(penned this tonight in response to a question regarding the state of art criticism…
what do you think – do you read art criticism if you are interested in the arts – why/why not…)
As an outsider to the art criticism scene, I have very little to reference beside what I Googled to find out what has died.
One of the first names to come up was Murdock Pemberton, first art critic of the New Yorker during the 20s and 30s. He eventually was sacked because (what I could discern) he was inconsistency, too many interest, a rebel and panned an important art show. Reading his bio reminded me of another rebel, Guillaume Apollianaire, who started writing criticism during the early 1900s in French papers. He championed Cubism, his opinionated, often surreal writing ticking readers off in the process.
What is interesting about both of these art critics was their link to the artists, to be immersed in the art scene, not as critic alone, but as a friend and confidant. These friendships seemed to benefit the critic and the reader – politics aside. It offered for a unique perspective, not just of the critique of a friend, but it widened the circle for insight into other artists. Their writing was original, informed (though not of a traditional pedagogy) and highly controversial. Controversy drives readership – interests, it is a good thing. (More current, one could name Frank O’Hara)
What if print/newspaper criticism is dying? Does it have a reflection on art’s health? It seems that the problem of the critic in the traditional form (after reading the links provided for this week) is the pedantic, dry presentation (this, of course, excludes Saltz, who inspires me with his snarky, yet informative shtick). The writing is good, but is it inspiring? Does it sell papers? Papers are doomed anyway because, “there’s an App for that”…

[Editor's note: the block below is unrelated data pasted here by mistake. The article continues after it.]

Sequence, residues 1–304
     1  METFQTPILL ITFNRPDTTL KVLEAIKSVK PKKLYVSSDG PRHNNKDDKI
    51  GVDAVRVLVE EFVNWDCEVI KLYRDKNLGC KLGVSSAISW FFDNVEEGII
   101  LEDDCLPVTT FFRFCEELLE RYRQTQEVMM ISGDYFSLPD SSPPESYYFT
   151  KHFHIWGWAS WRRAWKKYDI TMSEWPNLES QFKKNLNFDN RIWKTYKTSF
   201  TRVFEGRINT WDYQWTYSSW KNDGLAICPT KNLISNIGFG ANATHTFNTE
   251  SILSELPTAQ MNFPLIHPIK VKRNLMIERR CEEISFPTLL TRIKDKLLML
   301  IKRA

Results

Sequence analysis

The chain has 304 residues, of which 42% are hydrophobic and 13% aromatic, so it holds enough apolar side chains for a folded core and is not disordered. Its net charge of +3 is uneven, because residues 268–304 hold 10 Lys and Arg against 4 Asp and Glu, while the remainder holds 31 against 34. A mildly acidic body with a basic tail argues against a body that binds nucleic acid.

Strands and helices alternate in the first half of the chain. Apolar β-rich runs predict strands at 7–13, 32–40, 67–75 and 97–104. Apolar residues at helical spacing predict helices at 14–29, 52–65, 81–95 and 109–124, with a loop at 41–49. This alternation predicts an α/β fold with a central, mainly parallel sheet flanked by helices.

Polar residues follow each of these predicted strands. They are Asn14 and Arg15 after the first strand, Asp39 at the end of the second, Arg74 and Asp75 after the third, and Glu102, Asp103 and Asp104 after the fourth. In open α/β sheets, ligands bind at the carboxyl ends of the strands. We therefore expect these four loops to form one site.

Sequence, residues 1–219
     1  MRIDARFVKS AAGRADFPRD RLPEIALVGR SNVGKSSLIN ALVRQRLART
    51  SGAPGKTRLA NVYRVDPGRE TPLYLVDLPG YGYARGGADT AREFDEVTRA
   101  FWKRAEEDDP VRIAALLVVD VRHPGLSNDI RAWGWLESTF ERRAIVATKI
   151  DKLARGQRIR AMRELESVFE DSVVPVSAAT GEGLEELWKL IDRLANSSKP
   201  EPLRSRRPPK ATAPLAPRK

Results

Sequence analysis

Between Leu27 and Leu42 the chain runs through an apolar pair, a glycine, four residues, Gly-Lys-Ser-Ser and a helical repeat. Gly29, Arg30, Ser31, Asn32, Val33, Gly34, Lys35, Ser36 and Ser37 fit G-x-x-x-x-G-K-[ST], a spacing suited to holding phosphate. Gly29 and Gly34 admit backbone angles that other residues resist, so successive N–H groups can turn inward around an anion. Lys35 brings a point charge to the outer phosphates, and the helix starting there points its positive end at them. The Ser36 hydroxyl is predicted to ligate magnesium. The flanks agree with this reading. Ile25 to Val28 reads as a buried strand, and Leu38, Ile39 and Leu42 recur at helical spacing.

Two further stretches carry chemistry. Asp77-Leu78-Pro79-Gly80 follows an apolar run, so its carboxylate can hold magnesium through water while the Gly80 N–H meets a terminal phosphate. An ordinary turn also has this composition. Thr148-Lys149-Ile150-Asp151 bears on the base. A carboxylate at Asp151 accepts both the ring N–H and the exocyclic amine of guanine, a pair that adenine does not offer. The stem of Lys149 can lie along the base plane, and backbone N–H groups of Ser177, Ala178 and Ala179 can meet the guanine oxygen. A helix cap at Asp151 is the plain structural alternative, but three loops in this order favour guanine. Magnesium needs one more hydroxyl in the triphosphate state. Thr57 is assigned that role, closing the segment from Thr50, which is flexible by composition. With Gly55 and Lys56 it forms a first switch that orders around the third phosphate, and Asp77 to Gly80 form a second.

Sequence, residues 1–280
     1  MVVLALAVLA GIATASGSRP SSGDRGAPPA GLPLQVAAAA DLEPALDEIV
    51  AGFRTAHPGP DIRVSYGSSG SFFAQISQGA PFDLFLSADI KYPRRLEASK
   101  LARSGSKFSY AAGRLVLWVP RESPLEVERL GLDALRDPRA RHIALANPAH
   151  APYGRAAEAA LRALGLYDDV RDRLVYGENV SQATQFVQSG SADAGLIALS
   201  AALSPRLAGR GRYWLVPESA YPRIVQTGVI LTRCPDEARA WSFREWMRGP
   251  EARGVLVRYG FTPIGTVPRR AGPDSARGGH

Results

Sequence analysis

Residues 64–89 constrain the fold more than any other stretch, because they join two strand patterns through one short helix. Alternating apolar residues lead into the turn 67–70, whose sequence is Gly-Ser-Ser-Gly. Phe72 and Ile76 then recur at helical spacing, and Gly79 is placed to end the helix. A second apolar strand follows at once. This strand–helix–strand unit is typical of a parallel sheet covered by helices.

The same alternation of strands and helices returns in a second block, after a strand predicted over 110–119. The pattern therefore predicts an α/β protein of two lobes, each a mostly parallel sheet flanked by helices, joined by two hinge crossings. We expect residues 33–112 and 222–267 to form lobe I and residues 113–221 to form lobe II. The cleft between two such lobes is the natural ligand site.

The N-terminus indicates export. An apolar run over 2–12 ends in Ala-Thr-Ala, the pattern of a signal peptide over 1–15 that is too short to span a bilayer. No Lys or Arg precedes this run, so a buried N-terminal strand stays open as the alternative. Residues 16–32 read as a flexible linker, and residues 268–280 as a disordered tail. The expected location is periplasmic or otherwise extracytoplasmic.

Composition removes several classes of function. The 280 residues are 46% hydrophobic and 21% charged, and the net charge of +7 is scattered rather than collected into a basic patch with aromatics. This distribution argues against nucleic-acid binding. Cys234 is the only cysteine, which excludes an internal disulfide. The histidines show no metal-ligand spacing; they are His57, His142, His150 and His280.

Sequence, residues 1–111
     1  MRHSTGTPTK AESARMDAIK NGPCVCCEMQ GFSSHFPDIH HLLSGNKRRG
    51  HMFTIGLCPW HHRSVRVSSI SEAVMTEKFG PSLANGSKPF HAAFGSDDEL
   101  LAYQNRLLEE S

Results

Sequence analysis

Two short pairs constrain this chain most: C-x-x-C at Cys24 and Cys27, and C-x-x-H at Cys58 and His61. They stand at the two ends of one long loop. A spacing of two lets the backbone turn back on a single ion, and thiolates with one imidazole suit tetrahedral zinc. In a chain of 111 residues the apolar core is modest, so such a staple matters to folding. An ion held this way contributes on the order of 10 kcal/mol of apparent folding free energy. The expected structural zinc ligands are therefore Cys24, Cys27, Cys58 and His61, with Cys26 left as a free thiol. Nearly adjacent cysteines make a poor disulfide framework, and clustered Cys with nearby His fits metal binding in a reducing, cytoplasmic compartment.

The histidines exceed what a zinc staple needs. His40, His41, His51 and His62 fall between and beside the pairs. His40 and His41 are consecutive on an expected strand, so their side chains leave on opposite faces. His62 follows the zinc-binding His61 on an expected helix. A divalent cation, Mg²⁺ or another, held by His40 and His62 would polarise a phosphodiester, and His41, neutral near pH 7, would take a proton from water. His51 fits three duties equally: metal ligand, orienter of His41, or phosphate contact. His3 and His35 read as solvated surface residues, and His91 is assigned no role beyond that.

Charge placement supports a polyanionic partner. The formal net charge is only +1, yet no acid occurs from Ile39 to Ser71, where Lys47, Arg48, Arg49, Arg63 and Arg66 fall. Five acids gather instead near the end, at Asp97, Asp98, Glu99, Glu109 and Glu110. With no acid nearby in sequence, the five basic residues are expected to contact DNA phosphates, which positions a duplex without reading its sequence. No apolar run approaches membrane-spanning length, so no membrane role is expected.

…into digital land…blogs, tweets, FB, Google+, etc…. but, then one posits, is that critique informed? A valid question and concern, but in the same vein, does it matter? What is the point of art criticism? Is it to sell the art? Is it to promote the gallery or museum? Or is it to inspire the public to remember that there is a creative element to our human spirit that needs to be seen and shared? I know this is rather a romantic notion, but really, art needs to be more accessible, to us outsiders who will not be waiving a paddle in the air at Christie’s. I’d like to think online venues help to level the playing field, and catch a few who may not have even known they were interested.
(sidebar…It is interesting, I’ve followed online poetry criticism for the last two years – there is such a fire within that community. One inflammatory post by a critic (usually from the academe) in say, Boston Review, will have the insiders and outsiders spewing for months….on poetry. It is rather amazing.)
I’m an outsider right now to art, but, I do hope that this type of fire is burning. That fire is what continues the conversation and invites new ones. After all, art is not dead.